This is not to be confused with the legitimate interest of religious devotees to participate in the political life of their countries. Religious liberty is in fact not only the right to believe in private, but also to live publicly according to the tenets of one’s faith. This certainly includes politics and the political life of a society.
What happened during the European Wars of Religions was rather the contrary. Not religion manifesting itself in politics, but the state entering into religion to control it. Without the political and miliary supports of princes and kings, the Protestant Reformation would not have taken roots and spread as it did. It is equally true that without the support of different rulers the Catholic Reformation and Counter-Reformation would not have enjoyed the success they achieved—and the diffusion of Protestantism in France would not have been as limited as it was.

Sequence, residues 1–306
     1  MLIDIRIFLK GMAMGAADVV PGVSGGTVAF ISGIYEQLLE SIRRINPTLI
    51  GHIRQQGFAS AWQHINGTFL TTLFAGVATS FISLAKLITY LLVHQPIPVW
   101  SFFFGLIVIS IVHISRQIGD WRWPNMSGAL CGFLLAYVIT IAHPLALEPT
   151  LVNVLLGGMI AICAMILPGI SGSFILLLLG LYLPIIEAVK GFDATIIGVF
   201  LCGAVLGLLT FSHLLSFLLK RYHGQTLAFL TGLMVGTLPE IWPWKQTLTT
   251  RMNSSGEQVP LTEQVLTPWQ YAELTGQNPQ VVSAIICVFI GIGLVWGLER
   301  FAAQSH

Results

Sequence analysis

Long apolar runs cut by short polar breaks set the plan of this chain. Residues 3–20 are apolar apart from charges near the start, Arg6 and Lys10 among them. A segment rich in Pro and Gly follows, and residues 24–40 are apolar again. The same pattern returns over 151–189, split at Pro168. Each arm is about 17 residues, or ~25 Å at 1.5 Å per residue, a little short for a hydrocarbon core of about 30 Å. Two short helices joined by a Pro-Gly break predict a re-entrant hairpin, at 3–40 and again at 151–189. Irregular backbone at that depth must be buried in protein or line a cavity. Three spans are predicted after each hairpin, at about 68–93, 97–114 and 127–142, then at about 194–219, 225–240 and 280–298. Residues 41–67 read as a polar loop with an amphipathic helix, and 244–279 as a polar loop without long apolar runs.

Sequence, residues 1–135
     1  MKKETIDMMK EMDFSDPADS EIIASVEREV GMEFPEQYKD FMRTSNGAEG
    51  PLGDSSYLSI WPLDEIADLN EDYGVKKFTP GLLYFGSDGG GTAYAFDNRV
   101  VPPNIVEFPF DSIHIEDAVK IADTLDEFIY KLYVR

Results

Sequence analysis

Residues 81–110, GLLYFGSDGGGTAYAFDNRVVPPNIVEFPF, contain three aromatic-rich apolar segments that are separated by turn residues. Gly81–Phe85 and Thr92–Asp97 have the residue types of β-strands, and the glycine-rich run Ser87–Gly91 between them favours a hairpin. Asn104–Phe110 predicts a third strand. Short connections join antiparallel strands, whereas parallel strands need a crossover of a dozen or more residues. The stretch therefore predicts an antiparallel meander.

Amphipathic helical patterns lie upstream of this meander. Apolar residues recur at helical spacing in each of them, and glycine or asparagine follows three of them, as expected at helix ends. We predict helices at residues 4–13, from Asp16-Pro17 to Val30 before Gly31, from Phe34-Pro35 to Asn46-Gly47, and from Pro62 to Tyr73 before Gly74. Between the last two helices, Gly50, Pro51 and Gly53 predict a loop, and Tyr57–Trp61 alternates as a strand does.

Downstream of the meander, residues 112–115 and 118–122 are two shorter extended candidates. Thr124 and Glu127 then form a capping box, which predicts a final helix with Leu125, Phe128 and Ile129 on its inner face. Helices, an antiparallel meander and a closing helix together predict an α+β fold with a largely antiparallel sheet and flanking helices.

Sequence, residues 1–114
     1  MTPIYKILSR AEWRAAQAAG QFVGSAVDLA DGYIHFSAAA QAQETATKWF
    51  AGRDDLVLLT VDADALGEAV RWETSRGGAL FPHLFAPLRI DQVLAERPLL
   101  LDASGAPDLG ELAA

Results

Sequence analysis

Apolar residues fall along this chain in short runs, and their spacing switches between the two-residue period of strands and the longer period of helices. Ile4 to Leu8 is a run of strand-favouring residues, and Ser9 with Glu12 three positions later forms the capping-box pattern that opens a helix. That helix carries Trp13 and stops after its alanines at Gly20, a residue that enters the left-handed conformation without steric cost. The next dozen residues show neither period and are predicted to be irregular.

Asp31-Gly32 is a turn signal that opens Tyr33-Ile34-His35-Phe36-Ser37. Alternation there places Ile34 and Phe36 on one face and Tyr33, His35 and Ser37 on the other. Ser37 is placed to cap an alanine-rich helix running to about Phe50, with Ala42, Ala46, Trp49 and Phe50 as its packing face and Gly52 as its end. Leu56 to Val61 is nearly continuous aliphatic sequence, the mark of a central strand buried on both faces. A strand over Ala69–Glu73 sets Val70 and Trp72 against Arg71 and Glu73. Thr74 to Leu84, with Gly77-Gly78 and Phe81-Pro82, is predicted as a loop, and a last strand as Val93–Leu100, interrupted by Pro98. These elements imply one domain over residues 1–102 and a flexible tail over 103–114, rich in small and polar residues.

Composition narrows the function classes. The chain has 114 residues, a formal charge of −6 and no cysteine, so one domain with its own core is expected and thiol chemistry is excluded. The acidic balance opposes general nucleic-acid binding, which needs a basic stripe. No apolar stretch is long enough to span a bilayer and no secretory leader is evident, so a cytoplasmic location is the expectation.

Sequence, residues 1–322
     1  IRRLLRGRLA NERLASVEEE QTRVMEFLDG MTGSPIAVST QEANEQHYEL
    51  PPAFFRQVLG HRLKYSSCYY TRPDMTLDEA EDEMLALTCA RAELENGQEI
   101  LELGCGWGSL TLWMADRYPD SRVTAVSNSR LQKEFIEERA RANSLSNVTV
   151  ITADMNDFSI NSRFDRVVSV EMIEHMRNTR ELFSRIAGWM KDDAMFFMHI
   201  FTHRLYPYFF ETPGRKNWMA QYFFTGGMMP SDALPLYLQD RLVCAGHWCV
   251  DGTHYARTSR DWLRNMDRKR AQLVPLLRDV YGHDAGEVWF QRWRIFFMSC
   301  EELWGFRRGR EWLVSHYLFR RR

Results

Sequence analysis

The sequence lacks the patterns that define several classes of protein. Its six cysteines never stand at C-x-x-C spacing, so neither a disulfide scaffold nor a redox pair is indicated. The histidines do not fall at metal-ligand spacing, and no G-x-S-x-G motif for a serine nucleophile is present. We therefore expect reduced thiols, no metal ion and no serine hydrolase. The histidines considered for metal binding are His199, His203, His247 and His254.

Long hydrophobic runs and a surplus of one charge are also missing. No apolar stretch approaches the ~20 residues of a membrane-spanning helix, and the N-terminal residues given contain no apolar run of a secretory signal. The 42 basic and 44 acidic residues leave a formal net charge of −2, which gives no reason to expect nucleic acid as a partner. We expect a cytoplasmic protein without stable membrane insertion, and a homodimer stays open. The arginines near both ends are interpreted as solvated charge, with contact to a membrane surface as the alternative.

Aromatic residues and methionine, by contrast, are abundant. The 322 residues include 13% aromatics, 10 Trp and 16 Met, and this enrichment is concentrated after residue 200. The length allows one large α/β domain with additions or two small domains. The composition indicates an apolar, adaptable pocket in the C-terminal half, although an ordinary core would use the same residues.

The propagation of Christianity itself was always decisively helped by political institutions, from the Roman Empire in the first centuries to the creation of the Holy Roman Empire and beyond. This granted the practical conditions for the creation of a whole civilization that had both its benefits (not only for Christians) and its unavoidable human mistakes and errors. All religions, beyond Christianity, always benefited from the support, both cultural and military, of political institutions. But this remains something different from the politicization and militarization of religion, which transform faiths first into a feature of the state, then into a function of the state, and ultimately into a puppet or a lackey of the state. Once they have lost the salt of their true spiritual dimension, faiths may be dismissed as irrelevant or just as another tool of a secularist civil religion.